The drawback of quitting Twitter
Yesterday I posted about how I’ve quite Twitter (sort of). However, lest it seem like it’s a no-regrets, heroic charge into the disconnected future, I thought it worth noting what my reservations have been in partially disconnecting from social media.
My biggest fear, if I’m honest, is I think what makes social media so powerful to begin with: importance. Why haven’t I deactivated my account before now? Why am I still on Facebook? Because I’m human, and I want people to know what I think; my selfish heart wants to be recognised for my contributions. For example, my inner dialogue asks things like: who will listen to your new song if you can’t tweet about it?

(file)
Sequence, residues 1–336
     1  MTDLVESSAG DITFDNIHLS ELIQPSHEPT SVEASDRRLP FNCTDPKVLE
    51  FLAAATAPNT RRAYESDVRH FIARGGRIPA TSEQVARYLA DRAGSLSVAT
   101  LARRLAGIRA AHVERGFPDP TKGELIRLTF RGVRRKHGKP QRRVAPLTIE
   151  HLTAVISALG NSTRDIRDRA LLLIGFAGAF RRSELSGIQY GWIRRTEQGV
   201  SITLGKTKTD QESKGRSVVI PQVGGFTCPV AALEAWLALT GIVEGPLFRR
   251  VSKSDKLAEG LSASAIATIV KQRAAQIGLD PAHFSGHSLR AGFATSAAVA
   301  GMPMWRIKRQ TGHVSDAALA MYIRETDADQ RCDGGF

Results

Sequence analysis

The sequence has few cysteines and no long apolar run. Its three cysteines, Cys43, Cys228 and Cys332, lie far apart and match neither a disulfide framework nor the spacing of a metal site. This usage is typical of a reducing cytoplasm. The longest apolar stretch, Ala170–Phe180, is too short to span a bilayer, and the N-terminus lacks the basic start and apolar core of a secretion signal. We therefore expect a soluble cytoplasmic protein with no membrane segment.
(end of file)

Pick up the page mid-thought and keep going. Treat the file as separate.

The other side of that is the ego-boost of being ‘in-the-know’, keeping up on the latest ideas in those things I’m interested in. Now, being able to read articles and keep up with the latest in things like music circles is not necessarily bad – there is much value to be gained from that (and to be clear, I’ve connected and learnt from a bunch of really great people via social media), but there can easily come a point when it becomes an end in itself, when it becomes idolatrous and a distraction from the incarnational aspect of, say, making music. I confess that I’m scared of missing out on good things by disconnecting, but at the moment, I’m more willing to pay that price, than pay the price of staying on Twitter.